A grueling, 18-day ordeal that had riveted the attention of much of the world ended Tuesday with three simple — and, to many, surprising — words: “Everyone is safe.”

Those three words posted on Facebook marked the successful conclusion of the daring rescue mission to extricate 12 boys and their soccer coach from the treacherous confines of a flooded cave in Thailand.

Thailand’s Navy SEALs, the group of individuals who were central to the unusually risky rescue effort, celebrated the feat with a post that read: “All the thirteen Wild Boars are now out of the cave.” Wild Boars was the name of the boys’ soccer team.

More to the point — and a question that will likely never be answered — was the final sentence of the post: “We are not sure if this is a miracle, a science, or what.”

The plight of the boys and their coach captivated much of the world — beginning with the news that they were missing, to the first flickering video of the huddle of anxious yet smiling boys when they were found by a pair of British divers 10 days later.

They had been trapped in the sprawling Tahm Luang cave on June 23 when it became flooded by monsoon rains as they were exploring it following a soccer practice.

Each of the boys, ages 11 to 16 and none of whom had any diving experience, was guided out by a pair of divers in a three-day, high-stakes operation that began Sunday and continued into Monday and Tuesday.

The route, in some places nothing more than a crawl space a mere 15 inches wide, had oxygen canisters positioned at regular intervals to refresh each team’s air supply.

Cave-diving experts had warned it was potentially too risky to dive the youngsters out, a fear that was underscored last week when a former Thai Navy SEAL died while replenishing the canisters along the route.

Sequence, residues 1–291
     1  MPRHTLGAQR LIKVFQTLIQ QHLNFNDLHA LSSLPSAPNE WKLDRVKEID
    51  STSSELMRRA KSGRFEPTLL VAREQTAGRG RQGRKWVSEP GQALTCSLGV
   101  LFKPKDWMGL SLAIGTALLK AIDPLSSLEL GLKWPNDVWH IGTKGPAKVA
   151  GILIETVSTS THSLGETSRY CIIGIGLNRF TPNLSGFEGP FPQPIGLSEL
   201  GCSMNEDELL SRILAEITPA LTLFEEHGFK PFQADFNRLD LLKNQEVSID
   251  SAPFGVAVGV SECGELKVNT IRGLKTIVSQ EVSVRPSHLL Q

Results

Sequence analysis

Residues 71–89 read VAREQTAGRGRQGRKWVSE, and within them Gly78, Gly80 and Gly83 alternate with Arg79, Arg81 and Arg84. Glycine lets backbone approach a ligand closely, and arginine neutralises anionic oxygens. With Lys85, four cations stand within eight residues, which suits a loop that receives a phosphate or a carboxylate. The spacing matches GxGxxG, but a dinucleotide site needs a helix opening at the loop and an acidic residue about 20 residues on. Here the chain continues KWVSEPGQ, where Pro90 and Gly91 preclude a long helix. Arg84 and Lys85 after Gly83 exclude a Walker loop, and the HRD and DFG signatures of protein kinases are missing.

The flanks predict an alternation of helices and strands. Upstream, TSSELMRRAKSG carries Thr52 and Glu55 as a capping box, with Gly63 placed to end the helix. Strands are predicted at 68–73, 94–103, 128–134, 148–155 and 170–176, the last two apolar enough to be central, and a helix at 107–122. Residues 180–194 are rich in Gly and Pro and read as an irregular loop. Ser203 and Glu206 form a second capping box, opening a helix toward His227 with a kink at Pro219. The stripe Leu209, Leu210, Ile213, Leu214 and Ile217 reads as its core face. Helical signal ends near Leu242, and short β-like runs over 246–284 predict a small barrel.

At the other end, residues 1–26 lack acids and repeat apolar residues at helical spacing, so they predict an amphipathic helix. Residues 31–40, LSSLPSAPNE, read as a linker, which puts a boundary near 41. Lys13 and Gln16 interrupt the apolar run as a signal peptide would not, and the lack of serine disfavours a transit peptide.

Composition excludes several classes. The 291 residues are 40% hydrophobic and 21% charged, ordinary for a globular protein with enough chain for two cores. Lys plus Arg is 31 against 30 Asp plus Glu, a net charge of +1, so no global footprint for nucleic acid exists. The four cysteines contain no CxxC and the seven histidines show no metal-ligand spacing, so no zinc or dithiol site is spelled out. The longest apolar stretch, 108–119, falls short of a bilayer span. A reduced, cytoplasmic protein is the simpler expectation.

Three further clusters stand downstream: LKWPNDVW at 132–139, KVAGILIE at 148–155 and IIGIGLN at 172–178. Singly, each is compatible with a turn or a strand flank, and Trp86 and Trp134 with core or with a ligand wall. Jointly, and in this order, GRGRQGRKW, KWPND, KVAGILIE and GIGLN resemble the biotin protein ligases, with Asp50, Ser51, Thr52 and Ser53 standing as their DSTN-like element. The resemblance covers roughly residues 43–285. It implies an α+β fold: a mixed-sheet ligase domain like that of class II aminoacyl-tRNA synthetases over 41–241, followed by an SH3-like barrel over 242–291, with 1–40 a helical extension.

Thai officials, acutely aware that the boys and their coach could be trapped for months by monsoon rains that would swell waters in the cave system, seized a window of opportunity provided by relatively mild weather. A massive water pumping effort also made the winding cave more navigable.

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The confidence of the diving team and expertise specific to the cave grew after Sunday’s rescue mission brought out four of the 12 boys. Four more were brought out Monday, with the final four and their coach rescued on Tuesday.

The final rescue effort on Tuesday was followed a few hours later by the safe return of a medic and three SEAL divers who had stayed for days with the boys in their refuge in the cave.

Acting Gov. Narongsak Osatanakorn, leader of the rescue effort, said it best at a news conference after the last of the boys and their rescuers emerged from what many feared would be their tomb: “We did something nobody thought was possible.”

And the world breathed a sigh of relief.

As is the case with nearly all earthly miracles, this one came with a price. The Navy SEAL who lost his life should never be forgotten as one of the heroes in the world’s celebration of this operation. His was the ultimate sacrifice.

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